Wednesday, April 29, 2015 / by David Monroe
As the housing market cruises through the critical spring season, a closely-watched report shows average home prices continuing to rise — though at a slower rate than during the past few years.
Average home prices in metro Atlanta in February gained 5.6 percent from a year earlier, according to the S&P/Case-Shiller Home Price Index.
“It seems to be across the board,” said Greg Kurzner, president of the Kurzner Group in Alpharetta. “There is a lot of demand and a lot of activity.”
Metro Atlanta prices edged up 0.1 percent from January to February, according to Case-Shiller. However, the report’s data was collected before the couple of months in late spring that are key.
“You always see a lot of activity in spring and summer,” Kurzner said. “You should see it peak around July.”
As prices have increased, the pace of the climb has slowed: In February 2014, prices were up 16.1 percent year-over-year.
One driver of rising prices is low inventory, as would-be sellers remain hamstrung by the job market or are simply less interested in move-ups and big new mortgages in the wake of the housing bust. Some who bought at the peak remain “underwater,” owing more than their homes are worth.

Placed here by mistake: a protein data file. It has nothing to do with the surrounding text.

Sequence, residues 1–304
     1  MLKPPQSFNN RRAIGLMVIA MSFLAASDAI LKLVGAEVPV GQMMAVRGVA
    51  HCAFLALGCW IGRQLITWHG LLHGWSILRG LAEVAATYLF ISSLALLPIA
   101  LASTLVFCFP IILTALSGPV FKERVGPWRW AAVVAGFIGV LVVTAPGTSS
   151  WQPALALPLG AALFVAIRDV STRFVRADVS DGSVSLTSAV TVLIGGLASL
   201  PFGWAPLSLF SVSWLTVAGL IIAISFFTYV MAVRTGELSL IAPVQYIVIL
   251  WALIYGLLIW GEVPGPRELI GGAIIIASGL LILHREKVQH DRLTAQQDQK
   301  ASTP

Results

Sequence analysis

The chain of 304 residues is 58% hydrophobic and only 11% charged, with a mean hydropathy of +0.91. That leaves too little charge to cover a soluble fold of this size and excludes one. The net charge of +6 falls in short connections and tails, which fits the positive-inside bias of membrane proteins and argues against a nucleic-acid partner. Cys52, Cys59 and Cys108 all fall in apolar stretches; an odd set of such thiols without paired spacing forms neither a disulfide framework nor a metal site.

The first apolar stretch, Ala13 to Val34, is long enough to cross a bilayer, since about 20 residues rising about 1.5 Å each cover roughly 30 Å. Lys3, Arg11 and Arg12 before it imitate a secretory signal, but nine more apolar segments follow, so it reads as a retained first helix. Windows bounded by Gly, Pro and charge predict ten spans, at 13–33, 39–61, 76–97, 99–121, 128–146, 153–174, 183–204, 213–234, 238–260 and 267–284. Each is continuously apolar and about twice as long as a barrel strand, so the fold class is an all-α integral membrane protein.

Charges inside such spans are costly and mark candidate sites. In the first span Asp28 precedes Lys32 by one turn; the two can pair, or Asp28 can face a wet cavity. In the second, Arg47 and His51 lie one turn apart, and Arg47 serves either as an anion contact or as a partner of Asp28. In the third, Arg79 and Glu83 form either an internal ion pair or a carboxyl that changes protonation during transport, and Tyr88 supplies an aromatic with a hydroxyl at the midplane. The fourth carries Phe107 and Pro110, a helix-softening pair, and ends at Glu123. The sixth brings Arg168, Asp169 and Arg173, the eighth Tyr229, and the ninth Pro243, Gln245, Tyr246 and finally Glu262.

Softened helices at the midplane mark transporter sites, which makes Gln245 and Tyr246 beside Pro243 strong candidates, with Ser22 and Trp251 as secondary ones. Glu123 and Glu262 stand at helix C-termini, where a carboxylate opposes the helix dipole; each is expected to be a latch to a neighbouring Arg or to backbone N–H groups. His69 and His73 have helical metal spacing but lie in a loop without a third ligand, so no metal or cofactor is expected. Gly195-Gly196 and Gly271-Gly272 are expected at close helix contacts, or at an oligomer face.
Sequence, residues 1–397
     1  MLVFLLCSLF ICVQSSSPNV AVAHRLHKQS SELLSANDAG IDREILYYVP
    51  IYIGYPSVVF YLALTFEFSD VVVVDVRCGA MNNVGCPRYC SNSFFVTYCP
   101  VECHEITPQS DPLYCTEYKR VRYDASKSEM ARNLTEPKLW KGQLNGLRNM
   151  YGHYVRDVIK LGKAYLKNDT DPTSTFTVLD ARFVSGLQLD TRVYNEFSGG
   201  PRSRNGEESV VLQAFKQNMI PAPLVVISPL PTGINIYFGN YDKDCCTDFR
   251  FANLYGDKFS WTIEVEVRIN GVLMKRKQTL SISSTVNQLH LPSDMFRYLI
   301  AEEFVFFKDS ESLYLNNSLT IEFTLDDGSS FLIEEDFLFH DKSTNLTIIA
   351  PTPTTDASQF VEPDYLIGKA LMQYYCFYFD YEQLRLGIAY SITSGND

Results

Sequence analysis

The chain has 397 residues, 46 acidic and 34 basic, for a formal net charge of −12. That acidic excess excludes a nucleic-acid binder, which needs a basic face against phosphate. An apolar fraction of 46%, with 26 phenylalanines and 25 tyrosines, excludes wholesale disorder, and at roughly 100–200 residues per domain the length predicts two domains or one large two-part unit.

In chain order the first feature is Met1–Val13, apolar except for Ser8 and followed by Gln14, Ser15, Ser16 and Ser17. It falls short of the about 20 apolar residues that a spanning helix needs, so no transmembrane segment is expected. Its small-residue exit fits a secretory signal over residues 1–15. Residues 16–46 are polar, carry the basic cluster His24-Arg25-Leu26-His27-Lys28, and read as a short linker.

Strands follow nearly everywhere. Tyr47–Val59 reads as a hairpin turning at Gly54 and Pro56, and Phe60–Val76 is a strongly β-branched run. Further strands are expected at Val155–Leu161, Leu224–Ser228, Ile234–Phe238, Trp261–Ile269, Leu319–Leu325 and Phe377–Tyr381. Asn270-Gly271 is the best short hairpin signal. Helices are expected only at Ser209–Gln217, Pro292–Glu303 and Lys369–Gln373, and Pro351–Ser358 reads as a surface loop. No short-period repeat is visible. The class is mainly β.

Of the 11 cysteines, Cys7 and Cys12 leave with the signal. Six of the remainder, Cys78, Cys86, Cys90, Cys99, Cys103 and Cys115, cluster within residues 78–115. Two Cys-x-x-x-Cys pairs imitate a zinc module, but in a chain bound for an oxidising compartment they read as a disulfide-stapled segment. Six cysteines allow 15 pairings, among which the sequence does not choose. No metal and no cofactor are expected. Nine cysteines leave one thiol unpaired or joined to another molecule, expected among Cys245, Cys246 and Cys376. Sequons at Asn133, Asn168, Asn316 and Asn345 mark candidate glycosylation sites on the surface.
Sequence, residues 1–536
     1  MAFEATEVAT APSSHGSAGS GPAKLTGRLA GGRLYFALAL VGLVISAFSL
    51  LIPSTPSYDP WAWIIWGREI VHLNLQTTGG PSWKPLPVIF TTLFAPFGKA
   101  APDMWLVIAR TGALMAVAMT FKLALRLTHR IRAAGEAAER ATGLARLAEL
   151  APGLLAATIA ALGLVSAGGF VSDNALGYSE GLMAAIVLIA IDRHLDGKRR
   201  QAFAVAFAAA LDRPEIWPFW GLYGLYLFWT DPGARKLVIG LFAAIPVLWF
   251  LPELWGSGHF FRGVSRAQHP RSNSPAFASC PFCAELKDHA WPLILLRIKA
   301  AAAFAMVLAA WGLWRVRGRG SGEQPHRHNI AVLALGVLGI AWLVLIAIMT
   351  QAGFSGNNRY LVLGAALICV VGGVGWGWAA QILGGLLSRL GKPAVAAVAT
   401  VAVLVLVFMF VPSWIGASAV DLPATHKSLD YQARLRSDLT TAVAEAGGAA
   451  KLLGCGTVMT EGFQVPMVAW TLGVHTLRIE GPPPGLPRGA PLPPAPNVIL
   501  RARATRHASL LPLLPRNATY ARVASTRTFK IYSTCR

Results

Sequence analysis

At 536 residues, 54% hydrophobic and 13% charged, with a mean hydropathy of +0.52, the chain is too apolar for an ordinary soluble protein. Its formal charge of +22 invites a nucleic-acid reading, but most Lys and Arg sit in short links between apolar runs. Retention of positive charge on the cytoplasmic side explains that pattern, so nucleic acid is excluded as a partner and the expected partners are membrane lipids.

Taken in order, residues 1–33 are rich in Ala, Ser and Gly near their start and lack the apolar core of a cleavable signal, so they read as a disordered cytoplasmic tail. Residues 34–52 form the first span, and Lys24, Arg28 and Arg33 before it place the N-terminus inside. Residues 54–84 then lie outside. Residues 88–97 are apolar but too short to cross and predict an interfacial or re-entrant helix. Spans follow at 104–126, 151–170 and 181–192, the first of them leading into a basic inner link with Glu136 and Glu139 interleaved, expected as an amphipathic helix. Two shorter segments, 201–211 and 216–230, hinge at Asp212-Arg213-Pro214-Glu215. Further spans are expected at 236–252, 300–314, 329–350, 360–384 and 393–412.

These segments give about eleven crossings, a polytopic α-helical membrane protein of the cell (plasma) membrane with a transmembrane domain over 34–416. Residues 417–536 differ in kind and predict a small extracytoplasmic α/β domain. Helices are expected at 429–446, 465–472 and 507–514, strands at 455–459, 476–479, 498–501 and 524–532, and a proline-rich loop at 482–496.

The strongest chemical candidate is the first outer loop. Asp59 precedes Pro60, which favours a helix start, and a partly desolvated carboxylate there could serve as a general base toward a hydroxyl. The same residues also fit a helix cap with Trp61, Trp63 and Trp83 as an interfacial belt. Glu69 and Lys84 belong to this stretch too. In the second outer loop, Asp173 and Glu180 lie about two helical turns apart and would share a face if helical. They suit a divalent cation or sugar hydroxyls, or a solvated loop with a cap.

“I am a little concerned that the lack of inventory could constrain growth,” Kurzner said.
Inventory — that is, homes listed for sale — now represent less than three months of sales, said Jeanette Schneider, senior vice president and broker at RE/MAX Regional Services. “That is a low number, very low.”
Nationally, the home price average rose 4.2 in February from a year earlier. The composite for the largest 20 metro areas rose 5.0 percent. Metro Atlanta’s growth ranked 10th among that group.
“We are right in the middle of the pack,” Schneider said. “And I’m okay with that. I think it signals that we are having a healthy, managed growth.”
The biggest price growth came in Denver, at 10 percent, followed by San Francisco at 9.8 percent.
“Home prices continue to rise and outpace both inflation and wage gains,” said David M. Blitzer, chairman of the S&P Committee that oversees the Case-Shiller research.
Only Denver and Dallas have rebounded beyond the price peaks of the housing boom, he said. “If a complete recovery means new highs all around, we’re not there yet.”
Prices crested in July 2006 nationally, although in metro Atlanta they kept climbing for nearly another year. After that, average Atlanta prices plunged about 40 percent.
Housing prices hit bottom in March 2012. Despite big gains since then, progress is uneven, with some areas still in a housing depression.
Overall, Atlanta values are back to levels of late 2003 or early 2004, according to Skylar Olsen, senior economist with Zillow Real Estate Research.
They remain about 13 percent below peak, compared with 10 percent below nationally.
Home prices over the next year should rise about 4 percent, Olsen said. At that pace, the market will not climb past its pre-recession peak until late 2018, but will do it without dangerous bubbles, she said.
“We expect Atlanta to return to normal home value appreciation levels.”